In the final day of @AuManufacturing’s editorial series, Excellence in maritime manufacturing, we visit communications specialist GME, which opened a new Zone 4 secure manufacturing facility this week to help it realise its ambitions in defence.
GME has a long history in electronics manufacture in Australia, though its efforts in defence only go back about four years.
The 62-year-old company – the country’s sole manufacturer of UHF CB (ultra-high frequency citizen band) radios and of emergency beacons – saw an opportunity to build on a fairly mature customer base.
“We looked at what are our capabilities in terms of technology, engineering, design, manufacture, where else can we take them?” recalls CEO Stephen Millar, adding the choice was obvious.
“They use highly technical products and we have the capability to develop them. So that was the genesis.”
This week GME cut the ribbon on its Winston Hills site’s new Zone 4 facility, a $5 million investment aided by a $1 million federal Sovereign Industrial Capability Priority grant.
“What we’ve done here by establishing a secure manufacturing facility, is [gain] the ability to take that expertise we already have in building electronic products, but to do it in a secure environment,” Millar tells @AuManufacturing.
“We’ve got the skill sets, we’ve got engineers, we’ve got design engineers and production engineers. We’ve got people that make products today. It’s just taking them to a different arena.”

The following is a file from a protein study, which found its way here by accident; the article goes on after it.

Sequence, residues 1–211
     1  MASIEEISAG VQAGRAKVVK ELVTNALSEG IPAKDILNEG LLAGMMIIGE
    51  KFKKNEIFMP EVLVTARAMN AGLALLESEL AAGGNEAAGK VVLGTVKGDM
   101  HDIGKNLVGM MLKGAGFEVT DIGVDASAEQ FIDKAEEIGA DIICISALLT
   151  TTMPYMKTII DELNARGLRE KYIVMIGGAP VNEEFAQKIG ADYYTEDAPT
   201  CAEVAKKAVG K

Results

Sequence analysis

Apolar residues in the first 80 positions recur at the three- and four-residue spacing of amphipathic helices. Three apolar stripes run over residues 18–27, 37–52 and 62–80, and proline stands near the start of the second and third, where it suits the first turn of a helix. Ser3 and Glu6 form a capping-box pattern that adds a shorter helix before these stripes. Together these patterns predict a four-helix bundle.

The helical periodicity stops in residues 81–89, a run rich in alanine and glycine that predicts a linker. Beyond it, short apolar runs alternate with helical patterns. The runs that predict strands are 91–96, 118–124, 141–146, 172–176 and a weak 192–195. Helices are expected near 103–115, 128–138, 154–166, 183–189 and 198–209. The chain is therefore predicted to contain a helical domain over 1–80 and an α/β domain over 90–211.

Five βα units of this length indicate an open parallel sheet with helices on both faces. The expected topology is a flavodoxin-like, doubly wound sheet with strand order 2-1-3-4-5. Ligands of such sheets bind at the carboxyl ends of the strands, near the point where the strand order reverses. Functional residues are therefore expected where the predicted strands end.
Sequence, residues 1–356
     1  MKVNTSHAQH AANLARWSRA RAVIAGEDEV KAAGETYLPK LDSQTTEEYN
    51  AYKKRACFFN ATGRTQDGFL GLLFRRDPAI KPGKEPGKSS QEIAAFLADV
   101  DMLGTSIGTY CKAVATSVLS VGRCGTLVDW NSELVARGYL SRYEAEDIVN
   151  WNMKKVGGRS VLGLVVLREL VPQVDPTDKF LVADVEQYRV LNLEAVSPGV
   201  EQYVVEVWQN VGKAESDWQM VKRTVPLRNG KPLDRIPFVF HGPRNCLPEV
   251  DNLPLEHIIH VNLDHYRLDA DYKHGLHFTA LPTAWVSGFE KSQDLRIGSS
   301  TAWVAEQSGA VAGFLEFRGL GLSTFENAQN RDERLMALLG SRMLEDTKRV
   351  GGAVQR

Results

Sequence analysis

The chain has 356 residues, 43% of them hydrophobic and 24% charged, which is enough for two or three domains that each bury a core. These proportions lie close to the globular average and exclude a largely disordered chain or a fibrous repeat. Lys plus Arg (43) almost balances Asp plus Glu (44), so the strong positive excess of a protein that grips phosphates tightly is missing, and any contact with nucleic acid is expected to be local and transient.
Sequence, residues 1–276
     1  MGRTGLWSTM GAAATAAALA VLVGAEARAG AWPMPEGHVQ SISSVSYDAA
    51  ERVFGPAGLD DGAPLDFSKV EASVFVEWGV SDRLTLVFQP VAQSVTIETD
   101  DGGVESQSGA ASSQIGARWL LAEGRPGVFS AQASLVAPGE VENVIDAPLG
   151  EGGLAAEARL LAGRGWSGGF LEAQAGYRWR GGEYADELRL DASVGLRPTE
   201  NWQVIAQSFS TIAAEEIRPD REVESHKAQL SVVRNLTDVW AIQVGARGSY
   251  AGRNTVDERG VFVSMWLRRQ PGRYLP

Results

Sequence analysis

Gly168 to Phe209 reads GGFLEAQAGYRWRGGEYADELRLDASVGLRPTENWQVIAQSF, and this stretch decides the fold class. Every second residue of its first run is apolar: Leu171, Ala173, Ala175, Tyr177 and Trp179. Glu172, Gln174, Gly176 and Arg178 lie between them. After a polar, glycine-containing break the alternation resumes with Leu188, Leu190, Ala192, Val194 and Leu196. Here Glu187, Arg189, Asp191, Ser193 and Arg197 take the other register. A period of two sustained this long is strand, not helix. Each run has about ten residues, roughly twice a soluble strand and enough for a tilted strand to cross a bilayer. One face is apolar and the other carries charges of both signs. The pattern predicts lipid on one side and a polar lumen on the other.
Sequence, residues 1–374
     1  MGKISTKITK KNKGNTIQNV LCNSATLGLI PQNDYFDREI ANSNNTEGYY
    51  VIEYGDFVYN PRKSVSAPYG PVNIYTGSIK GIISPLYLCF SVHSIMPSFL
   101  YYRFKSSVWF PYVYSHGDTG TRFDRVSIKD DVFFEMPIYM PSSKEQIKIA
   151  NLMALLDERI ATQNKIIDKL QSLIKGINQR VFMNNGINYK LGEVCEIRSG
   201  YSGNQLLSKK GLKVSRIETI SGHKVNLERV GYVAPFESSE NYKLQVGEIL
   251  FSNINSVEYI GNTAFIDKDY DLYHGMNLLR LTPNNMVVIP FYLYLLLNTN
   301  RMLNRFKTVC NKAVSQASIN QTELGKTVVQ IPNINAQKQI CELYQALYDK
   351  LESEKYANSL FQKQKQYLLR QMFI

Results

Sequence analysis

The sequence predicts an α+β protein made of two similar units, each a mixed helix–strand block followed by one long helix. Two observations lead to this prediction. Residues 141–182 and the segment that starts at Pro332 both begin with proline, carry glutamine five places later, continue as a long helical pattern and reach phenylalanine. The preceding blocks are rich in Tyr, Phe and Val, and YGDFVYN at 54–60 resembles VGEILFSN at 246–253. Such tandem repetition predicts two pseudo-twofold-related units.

GME expects to add another 30 staff to its current headcount of around 230 (45 of them are engineers), most of which work at Winston Hills, in Sydney’s north-west.
According to a media release for its 60th anniversary, the company began in 1959 as Standard Components, working in TV tuner reconditioning, before founder Edward Dunn teamed up with Phil Dulhunty in 1972 to form Greenwich Marine Electronics. The company shifted from distributing marine radios to making its own CBs the following decade.
Nowadays it serves the off-road, trucking and maritime markets, with land-based communications a significant portion of its business.
There’s a lot of places without mobile coverage.
“Grey nomads might have [a radio] in the ute that’s towing the caravan,” explains Millar.
“We supply some of the major vehicle manufacturers. So trucks will have radios. And agriculture.”
Millar says revenues exceed $100 million annually, with over 10 per cent spent on R&D.
Moving into defence doesn’t happen instantly, but the last four years have laid a promising foundation, believes Millar, and the company has signed NDAs with “a few primes,” and established good contacts through its membership on the C4 Edge team and with the Australian Industry Defence Network.
“There’s an increasing requirement for Australian industrial content – that’s a separate issue to sovereign industrial capability. So there’s getting Australian dollars, there’s getting the guaranteed security of it being made here,” he says.
“So we see that gap, which is why we’ve essentially replicated the production capacity we [had], in that secure area. And I’m not going to name any names, but I can tell you I can name three major primes who have approached us and expressed interest in understanding what our capability is.”
Main picture: supplied
@AuManufacturing’s editorial series Excellence in maritime manufacturing is brought to you with the support of BAE Systems Australia.
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